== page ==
Blended learning: A new approach to peer mentor training

Ms Katie Yamaguchi1, Ms Rita Kusevskis-Hayes2

1UNSW Sydney, Kensington, Australia, 2UNSW Sydney, Kensington, Australia

The Peer Mentor blended learning training package was an initiative developed by the Peer Mentoring @ UNSW coordinating team to provide an accessible and flexible training for mentors, whilst simultaneously making the training more sustainable by reducing staff time and facilitation costs.

Mentor training had previously been delivered via a six-hour interactive face-to-face workshop. When the new blended learning training package was developed, both training materials and methods were re-designed, considering which aspects of the content would best suit either the online or face-to-face format, to maximise each student’s learning experience. It was important to ensure that the training remained engaging whilst allowing students to reflect on their learning and transition experiences as a first-year student.  The new blended learning training package consists of a two-hour online component which aligns with a three hour face-to-face workshop.

There are many complexities and considerations when moving from a face-to-face training to a blended learning format. However, if the new format is developed successfully, there are also many benefits to be gained by both mentors and facilitators. This presentation will look at the redesign of the previous face-to-face training content and the integration of the two main components. It will explore the methods and tools used to design the online component, the use of the online platform for administrative purposes, the implementation process and evaluations. Lastly, it will reflect on challenges faced and future developments.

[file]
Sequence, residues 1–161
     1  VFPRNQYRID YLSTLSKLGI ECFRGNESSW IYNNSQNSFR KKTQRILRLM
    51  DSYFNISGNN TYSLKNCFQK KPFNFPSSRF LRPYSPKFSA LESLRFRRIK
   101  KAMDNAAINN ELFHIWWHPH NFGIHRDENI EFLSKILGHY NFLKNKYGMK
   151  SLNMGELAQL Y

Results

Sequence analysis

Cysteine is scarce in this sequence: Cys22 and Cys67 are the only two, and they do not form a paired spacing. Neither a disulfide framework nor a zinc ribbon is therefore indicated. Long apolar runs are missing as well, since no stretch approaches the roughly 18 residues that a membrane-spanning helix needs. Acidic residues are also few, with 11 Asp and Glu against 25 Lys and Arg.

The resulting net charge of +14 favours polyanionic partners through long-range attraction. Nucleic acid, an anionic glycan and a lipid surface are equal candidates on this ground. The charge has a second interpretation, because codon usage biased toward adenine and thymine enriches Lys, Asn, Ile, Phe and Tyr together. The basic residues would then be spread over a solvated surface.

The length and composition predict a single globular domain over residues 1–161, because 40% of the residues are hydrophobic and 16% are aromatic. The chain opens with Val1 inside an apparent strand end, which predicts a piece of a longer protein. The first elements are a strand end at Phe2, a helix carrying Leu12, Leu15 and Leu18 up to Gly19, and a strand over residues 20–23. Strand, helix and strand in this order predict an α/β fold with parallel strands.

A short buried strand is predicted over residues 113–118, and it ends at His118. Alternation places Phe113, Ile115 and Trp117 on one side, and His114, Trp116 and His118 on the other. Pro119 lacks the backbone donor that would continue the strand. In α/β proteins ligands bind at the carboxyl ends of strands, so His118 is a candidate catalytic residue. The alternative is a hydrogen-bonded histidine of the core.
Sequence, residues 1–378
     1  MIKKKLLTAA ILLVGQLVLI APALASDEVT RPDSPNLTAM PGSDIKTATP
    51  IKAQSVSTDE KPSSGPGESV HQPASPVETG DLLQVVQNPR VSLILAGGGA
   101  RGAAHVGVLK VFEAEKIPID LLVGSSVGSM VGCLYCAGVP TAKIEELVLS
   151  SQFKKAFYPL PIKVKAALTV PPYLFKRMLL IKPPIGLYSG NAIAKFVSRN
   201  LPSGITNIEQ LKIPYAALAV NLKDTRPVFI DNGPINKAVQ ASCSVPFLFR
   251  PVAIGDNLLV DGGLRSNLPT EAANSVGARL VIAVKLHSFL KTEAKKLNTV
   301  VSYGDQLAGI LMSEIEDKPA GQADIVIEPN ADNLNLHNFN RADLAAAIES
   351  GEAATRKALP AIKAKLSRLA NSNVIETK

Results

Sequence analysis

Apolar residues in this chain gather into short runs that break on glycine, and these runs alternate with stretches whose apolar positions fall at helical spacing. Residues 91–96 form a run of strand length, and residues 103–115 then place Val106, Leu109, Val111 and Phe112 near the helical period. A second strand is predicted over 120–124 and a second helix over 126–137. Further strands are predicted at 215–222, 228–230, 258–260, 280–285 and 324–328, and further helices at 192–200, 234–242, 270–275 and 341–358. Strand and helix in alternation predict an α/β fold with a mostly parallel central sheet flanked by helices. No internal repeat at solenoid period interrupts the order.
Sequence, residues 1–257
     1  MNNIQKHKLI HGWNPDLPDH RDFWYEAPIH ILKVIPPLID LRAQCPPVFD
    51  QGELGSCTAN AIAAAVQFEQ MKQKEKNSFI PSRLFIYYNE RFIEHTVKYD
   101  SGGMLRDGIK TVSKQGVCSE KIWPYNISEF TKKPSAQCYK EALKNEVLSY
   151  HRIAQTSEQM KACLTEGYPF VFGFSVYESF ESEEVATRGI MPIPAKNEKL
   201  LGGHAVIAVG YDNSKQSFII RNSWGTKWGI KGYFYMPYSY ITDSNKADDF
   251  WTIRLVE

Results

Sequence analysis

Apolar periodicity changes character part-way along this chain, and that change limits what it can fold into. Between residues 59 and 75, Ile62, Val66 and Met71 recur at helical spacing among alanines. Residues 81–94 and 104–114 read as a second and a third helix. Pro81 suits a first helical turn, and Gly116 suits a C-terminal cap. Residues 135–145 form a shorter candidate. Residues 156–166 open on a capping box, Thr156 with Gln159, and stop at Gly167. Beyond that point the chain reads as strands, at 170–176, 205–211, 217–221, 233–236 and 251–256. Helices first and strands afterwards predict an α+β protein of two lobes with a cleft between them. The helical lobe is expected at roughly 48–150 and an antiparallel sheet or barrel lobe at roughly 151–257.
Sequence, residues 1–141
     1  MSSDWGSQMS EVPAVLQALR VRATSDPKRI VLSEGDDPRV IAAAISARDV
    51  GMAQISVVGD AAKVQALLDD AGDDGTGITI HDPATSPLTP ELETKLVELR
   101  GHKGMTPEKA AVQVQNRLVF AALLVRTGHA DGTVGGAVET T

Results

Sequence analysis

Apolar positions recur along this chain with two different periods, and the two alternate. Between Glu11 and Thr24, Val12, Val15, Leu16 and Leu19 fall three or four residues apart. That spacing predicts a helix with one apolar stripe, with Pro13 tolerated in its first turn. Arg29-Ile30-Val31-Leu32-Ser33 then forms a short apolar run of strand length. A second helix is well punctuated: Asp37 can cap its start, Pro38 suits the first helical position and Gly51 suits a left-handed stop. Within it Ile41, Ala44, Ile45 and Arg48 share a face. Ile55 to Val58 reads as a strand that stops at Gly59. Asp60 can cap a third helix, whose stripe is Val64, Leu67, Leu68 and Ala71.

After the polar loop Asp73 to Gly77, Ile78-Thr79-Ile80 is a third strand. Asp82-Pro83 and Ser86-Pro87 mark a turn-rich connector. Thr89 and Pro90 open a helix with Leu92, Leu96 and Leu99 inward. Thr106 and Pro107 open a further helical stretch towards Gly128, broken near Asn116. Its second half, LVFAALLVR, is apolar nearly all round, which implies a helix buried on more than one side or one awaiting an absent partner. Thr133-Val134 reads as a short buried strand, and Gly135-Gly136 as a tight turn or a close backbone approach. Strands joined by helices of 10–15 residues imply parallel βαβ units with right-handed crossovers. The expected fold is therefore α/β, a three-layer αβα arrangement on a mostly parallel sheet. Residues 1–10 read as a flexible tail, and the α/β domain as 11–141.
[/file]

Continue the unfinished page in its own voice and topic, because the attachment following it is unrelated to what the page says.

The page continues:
Katie Yamaguchi is a Project Officer with ‘Student Life’, at UNSW Sydney. Katie brings over 10 years of experience in education, training and event management, to create purposeful programs and training packages for ‘Peer Mentoring @ UNSW’. Previously, Katie’s position at UNSW ’s Student Development International, also required her to use her skills and knowledge to design workshops and events to meet the needs of incoming international students.

Peer academic coaches: A front line service of the UOW Learning Coop

Ms Melissa Zaccagnini1, Ms Melissa Stephen1

1University Of Wollongong, Australia